When NASA astronaut Joseph Acaba went out for a spacewalk during a recent trip into space, he held on tight to the railing. That’s because Acaba is afraid of heights.
That was one of the highlights of Acaba’s talk this week to employees at the Stennis Space Center on the Mississippi Gulf Coast.
Acaba was making his first public appearance since returning Feb. 28 from the International Space Station. He says during the next year or so NASA astronauts will be flying on commercial flights, calling it a “big step.” He says going to space is difficult and will never become routine but in the near future there will be more opportunities for people to fly there. He says the ultimate goal is to get humans to Mars.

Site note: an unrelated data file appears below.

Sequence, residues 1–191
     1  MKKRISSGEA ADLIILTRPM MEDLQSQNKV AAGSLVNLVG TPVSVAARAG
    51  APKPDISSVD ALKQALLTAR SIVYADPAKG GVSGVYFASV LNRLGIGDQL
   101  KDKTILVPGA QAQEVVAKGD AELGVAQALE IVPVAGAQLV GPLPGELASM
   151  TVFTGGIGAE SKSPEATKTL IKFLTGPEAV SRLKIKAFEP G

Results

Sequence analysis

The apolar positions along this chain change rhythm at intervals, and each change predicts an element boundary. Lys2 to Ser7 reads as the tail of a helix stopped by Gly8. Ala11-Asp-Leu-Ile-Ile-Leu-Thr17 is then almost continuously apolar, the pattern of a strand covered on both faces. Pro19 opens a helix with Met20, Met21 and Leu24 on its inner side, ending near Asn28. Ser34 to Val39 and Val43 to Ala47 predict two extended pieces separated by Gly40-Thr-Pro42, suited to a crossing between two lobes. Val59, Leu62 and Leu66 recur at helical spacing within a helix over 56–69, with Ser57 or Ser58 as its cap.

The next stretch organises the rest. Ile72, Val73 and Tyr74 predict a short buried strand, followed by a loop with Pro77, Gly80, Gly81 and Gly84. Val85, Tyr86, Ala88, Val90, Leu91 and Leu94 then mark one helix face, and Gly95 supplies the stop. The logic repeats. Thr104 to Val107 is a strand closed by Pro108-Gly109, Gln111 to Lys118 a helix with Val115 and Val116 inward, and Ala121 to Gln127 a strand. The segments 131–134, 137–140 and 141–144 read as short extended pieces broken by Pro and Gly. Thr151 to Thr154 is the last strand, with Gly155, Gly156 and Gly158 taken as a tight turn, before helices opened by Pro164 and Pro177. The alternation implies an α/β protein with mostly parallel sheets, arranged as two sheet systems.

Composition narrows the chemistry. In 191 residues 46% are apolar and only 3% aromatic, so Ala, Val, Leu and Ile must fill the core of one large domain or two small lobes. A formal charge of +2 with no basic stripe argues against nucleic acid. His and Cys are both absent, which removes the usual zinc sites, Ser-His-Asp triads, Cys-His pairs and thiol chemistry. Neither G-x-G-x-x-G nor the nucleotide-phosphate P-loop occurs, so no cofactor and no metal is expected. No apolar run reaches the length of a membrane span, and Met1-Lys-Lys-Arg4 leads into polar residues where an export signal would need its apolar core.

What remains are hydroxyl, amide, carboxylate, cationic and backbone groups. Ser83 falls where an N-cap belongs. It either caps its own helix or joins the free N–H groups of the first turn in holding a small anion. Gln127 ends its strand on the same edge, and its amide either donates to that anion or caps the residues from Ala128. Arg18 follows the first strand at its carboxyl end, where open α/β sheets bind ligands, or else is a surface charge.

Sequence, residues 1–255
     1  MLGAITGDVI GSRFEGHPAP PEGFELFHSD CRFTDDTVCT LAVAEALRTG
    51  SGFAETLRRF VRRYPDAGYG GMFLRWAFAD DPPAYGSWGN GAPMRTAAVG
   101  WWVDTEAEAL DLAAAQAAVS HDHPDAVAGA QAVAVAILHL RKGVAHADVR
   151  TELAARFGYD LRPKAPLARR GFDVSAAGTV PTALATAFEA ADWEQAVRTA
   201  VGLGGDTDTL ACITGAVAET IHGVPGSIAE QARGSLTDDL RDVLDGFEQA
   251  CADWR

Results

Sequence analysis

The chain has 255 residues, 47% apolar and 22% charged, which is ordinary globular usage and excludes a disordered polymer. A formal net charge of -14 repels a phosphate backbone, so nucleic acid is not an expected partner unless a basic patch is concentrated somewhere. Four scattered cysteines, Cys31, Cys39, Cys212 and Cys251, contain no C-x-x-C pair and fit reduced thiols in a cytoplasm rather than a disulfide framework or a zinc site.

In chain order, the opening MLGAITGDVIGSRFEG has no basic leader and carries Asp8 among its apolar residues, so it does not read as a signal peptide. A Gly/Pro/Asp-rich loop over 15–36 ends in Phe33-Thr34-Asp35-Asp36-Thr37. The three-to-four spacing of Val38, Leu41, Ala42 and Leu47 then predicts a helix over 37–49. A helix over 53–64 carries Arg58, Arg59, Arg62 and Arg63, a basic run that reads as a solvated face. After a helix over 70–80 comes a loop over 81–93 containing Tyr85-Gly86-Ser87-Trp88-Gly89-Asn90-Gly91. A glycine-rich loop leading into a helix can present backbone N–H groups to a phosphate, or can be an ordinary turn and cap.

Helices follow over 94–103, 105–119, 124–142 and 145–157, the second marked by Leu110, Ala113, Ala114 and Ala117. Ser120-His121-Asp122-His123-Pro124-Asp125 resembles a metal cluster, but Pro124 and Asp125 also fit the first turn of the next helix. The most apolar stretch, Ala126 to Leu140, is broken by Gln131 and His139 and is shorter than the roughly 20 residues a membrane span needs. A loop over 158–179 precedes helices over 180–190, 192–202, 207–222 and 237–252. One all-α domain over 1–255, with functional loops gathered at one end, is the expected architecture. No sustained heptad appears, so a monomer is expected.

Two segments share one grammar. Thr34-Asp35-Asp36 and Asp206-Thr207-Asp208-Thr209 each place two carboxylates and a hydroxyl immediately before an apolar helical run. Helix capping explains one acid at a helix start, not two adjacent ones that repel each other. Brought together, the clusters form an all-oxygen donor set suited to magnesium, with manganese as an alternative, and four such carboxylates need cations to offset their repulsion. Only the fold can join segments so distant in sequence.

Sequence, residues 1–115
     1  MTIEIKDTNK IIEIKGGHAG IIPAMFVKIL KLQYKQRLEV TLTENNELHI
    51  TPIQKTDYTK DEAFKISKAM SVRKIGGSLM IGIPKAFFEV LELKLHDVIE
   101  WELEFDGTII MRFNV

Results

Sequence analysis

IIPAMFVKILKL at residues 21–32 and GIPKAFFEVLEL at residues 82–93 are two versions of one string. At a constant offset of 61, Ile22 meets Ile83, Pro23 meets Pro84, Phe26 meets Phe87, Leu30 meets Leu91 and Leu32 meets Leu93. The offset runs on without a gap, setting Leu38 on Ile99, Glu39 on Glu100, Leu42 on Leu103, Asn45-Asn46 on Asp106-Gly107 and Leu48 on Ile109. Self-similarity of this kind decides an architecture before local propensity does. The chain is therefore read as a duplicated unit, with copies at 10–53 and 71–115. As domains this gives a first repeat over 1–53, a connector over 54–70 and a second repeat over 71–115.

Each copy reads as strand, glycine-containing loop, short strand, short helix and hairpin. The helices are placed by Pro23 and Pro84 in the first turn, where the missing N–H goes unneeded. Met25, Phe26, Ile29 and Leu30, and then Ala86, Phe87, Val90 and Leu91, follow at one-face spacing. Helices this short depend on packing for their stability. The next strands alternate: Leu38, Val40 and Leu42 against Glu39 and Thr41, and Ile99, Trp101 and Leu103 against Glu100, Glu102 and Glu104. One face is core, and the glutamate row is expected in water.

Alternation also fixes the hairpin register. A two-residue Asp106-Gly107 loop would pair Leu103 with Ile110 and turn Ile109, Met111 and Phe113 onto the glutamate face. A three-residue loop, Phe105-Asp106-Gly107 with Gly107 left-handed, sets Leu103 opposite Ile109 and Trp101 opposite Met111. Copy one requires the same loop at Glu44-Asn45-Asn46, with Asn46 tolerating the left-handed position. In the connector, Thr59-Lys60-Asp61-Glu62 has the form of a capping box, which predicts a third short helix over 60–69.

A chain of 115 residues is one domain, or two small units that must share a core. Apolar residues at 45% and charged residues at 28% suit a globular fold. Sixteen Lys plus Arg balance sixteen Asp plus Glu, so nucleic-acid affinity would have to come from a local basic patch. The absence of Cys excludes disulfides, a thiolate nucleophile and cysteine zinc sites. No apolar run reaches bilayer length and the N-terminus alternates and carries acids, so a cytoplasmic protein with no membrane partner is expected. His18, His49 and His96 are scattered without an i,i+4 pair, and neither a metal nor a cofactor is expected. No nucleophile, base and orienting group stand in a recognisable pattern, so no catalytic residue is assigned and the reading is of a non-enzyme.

NASA is also poised to launch its first lander to Mars since 2012, an unmanned spacecraft called InSight that aims to listen for quakes and unravel the mystery of how rocky planets like Earth form. It is scheduled to launch on Saturday at 7:05 am Eastern time (1105 GMT) from Vandenberg Air Force Base in California, and if all goes as planned, it should land on the Red Planet November 26.
Since the Earth and Mars likely formed by similar processes 4.5 billion years ago, the US space agency hopes the lander — officially known as Interior Exploration using Seismic Investigations, Geodesy and Heat Transport (InSight) — will shed light on what made them so different.
“How we get from a ball of featureless rock into a planet that may or may not support life is a key question in planetary science,” said Bruce Banerdt, InSight principal investigator at NASA’s Jet Propulsion Laboratory in Pasadena, California.